Helping Someone with Diminished Mental Capacity

Posted on March 31st, 2016 by Centennial Law in Capacity

My father's ability to cope with the little challenges of everyday life has diminished.  I'd like to help.  What can I do?

Like just about everything else in life, this question is not as simple as it might sound.  Bear in mind that diminished capacity does not mean no capacity.  The father in this example probably has sufficient mental ability to authorize his child to help.

Discussions with a lawyer about this kind of situation generally focus on appropriate documents.  The documents which will usually be discussed are a will, a power of attorney and a representation agreement.

In this example, the will is not really relevant.  Lawyers say that "a will speaks from the moment of death."  In other words, it will not give a family member the power to help a relative during that relative's lifetime.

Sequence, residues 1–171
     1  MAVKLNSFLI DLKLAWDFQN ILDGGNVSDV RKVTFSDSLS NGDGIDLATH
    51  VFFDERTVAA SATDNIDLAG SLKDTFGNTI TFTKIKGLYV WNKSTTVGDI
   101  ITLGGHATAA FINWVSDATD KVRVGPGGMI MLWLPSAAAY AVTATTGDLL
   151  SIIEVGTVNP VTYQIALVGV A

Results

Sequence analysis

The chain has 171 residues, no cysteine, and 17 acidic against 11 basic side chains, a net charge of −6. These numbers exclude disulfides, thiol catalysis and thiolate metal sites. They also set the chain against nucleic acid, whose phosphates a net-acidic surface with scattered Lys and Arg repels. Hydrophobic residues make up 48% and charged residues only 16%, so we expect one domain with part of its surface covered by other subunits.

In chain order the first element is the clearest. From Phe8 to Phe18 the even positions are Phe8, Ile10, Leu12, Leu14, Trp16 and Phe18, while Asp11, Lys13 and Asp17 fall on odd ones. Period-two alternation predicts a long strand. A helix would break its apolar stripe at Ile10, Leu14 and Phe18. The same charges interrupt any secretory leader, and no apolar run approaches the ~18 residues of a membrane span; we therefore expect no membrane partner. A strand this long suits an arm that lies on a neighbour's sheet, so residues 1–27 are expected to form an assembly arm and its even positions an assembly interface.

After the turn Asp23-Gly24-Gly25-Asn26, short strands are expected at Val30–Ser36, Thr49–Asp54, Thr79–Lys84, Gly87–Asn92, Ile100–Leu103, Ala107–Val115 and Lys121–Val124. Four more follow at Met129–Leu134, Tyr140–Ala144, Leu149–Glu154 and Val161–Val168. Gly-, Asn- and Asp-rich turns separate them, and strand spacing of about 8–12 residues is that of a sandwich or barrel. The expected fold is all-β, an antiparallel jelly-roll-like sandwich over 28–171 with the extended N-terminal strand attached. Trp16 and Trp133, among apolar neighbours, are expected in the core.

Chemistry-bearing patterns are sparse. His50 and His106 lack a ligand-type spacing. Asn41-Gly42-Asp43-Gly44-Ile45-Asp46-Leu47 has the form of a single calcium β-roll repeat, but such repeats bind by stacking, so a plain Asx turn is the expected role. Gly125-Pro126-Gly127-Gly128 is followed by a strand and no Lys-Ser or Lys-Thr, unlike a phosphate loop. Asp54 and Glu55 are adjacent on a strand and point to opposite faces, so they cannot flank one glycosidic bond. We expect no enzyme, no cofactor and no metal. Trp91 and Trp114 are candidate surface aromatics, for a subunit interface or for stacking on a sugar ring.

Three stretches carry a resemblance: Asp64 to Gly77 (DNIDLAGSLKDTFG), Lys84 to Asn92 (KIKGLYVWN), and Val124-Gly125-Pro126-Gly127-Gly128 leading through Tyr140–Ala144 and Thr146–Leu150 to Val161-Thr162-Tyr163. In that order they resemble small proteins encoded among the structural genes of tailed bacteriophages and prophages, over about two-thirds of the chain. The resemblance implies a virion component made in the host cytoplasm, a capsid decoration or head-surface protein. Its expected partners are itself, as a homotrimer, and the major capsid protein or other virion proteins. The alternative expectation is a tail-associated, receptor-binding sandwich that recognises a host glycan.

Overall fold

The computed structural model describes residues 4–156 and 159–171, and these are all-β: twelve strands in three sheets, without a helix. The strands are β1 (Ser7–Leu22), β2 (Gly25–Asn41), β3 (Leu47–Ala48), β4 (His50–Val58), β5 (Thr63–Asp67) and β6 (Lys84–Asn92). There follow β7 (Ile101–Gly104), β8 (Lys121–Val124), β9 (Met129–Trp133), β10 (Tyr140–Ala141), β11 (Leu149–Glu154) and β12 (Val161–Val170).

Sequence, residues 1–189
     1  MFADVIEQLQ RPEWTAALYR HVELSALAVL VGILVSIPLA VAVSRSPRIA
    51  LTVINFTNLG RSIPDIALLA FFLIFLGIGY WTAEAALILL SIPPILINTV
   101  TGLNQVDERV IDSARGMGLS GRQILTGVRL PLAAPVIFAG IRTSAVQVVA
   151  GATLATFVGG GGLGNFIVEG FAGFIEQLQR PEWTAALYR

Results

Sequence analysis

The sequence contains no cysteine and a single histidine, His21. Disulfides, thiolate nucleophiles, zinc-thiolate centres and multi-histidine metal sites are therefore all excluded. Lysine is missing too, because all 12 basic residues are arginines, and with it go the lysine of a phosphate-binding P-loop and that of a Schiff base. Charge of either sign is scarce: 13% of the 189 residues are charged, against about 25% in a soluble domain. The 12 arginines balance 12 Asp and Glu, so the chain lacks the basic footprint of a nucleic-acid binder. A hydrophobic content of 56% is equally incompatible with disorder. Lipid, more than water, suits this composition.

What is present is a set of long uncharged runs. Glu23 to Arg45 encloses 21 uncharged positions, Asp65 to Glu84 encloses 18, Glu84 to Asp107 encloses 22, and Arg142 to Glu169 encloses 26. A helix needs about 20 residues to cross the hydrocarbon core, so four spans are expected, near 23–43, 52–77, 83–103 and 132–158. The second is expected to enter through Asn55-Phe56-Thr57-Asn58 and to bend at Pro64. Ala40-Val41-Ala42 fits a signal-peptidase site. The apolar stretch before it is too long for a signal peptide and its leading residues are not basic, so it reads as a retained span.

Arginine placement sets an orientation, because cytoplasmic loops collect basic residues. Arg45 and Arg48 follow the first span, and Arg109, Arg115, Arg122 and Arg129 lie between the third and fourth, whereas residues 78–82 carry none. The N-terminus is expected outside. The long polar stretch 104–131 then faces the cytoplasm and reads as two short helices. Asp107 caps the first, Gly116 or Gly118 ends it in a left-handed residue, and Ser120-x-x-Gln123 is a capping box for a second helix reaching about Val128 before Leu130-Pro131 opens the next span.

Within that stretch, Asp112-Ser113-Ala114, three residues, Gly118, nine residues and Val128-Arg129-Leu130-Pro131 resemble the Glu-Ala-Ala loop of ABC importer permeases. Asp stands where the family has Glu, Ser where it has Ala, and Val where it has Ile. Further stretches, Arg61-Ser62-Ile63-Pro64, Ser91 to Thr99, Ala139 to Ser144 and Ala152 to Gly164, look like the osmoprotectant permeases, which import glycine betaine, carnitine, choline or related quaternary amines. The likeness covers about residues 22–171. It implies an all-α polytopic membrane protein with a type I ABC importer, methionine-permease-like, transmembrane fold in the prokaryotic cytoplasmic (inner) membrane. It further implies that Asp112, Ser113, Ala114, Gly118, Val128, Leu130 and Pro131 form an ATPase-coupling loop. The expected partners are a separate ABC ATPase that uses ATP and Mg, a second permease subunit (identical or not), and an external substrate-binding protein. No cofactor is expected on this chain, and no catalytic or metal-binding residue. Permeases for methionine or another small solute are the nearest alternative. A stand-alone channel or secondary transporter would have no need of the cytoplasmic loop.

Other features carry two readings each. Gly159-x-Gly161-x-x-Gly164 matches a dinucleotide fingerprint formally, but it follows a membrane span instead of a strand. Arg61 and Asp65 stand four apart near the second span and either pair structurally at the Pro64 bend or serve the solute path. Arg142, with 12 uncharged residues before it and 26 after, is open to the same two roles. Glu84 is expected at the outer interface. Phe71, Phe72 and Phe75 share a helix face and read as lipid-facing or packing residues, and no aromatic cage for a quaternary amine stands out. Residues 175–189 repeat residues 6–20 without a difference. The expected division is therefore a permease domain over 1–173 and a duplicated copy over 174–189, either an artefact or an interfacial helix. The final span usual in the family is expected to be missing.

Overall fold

To assist father with his business or property matters, the most appropriate tool is the power of attorney.  To assist father in his dealings with the medical profession, the appropriate tool is the representation agreement.  Both of these tools give the person appointed the power to instruct others on behalf of an adult.

From the perspective of the question raised above, it is worth repeating that diminished capacity is not the same as no capacity.  A person of diminished capacity may well retain sufficient mental ability to enable them to sign a power of attorney or a representation agreement - with a real understanding of what they are doing.  In a publication intended to provide guidance to members of the legal profession, it is stated that "the key is whether the client has the ability to understand the information relative to the decision that has to be made ….”  If the father in the example above understands the documents to be signed, then his child may be in a position to provide the help which the child wants to provide.


Article written by Centennial Law Corp. (Douglas E. Dent)

The specific facts of any real life situation can have many unforeseen legal implications. As a result, please note that the general information found in the above article should not be treated as legal advice.